Brainpower will drive forestry's future

15 Sep 2003

Look increasingly to the land-based industries to provide the real impetus for economic growth and for the high-tech innovation of the future, say forest owners.

"There will always be a need for skilled labour in farming and forestry, but brainpower will drive the next wave of export growth," said NZFOA executive director Rob McLagan.

"New Zealand's traditional export industries are putting a huge amount of energy into the development of added value products. These require world-class scientific, production, design and marketing expertise."

He said that in spite of all the hype surrounding 'new wave' industries, the primary industries remain the country's best hope to lift New Zealand back to the top half of the OECD.

"A small percentage increase in the export earnings from agriculture and forestry will provide far more export dollars than a large increase in other sectors. Forestry exports alone are worth $3.68 billion.

"Forestry wants to play its part and realise its goals of becoming New Zealand's top export earner and a new-technology sunrise industry."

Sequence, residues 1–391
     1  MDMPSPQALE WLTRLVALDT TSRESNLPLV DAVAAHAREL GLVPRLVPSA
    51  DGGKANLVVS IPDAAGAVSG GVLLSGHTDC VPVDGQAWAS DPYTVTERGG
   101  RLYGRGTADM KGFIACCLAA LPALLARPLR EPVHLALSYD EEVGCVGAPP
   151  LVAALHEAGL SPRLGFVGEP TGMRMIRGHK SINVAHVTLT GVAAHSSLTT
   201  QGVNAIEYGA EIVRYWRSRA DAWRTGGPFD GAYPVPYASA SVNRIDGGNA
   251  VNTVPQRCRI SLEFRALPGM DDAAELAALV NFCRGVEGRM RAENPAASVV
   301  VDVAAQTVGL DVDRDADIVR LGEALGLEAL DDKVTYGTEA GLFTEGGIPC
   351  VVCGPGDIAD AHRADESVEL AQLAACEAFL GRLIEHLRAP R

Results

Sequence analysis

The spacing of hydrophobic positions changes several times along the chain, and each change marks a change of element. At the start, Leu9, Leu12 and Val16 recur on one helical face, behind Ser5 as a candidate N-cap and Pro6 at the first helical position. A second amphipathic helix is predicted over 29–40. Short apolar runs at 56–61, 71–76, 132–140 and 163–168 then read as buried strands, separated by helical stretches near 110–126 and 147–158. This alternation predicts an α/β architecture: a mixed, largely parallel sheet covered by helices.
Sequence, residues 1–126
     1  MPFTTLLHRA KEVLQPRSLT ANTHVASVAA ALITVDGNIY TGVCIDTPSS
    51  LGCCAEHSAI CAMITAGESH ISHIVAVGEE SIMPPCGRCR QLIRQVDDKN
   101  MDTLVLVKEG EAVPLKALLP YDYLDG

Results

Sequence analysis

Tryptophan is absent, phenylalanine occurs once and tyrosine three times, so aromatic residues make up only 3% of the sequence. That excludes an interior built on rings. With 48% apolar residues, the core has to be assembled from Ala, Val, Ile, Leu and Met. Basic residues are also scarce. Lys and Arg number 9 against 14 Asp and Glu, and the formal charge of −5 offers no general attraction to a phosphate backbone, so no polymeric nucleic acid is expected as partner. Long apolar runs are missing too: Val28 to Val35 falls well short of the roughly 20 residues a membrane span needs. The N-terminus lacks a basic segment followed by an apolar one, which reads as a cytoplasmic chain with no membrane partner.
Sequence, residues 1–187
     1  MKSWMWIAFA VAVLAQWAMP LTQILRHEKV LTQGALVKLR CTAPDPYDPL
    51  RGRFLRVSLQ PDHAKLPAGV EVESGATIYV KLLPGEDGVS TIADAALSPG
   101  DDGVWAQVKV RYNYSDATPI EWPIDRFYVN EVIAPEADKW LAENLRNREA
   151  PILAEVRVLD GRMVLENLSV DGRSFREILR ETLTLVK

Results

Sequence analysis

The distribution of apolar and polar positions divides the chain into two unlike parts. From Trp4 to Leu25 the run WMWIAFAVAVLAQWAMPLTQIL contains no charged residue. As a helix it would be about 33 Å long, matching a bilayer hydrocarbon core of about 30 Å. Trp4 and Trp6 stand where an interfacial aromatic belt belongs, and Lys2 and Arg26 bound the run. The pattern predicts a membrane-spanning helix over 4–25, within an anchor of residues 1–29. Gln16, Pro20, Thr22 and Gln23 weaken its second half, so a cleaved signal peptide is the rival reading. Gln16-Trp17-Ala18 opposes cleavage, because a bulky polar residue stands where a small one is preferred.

Mr McLagan said the MAF report on the Contribution of Land Based Primary Industries to New Zealand's Economic Growth, released last week, was a timely reminder of the continuing overwhelming importance of the primary sector to New Zealand's economic and job growth.

"It should be seen as a reality check. It demonstrates clearly that the primary sector provides the best basis for growth in innovative industries, including biotechnology.

"But it is also useful in drawing attention to the policy areas which need to be addressed if New Zealand is to take full advantage of this potential," he said.

"These include a shortage of labour and skills, inadequate roading infrastructure and the negative aspects of the Resource Management Act.

Mr McLagan said New Zealand is fortunate to have 1.8 million hectares of trees already available to turn into fibre-based products to satisfy expanding market opportunities.

"The forest sector needs to be seen as a massive factory producing vast quantities of high quality, renewable and environmentally sustainable raw fibre which can be converted into a vast range of consumer products," he said.

"Forestry was once production-driven. Now it is moving quickly - though as the report observes, not quickly enough - to provide innovative solutions to global customer needs.

"The domestic structural issues noted in the report are capable of being overcome by sensible policy actions in New Zealand.

"As the report notes, in our favour we have the Wood Processing Strategy - a unique partnership between the government and industry. This provides an important forum for resolving these issues so the industry can realise its huge potential."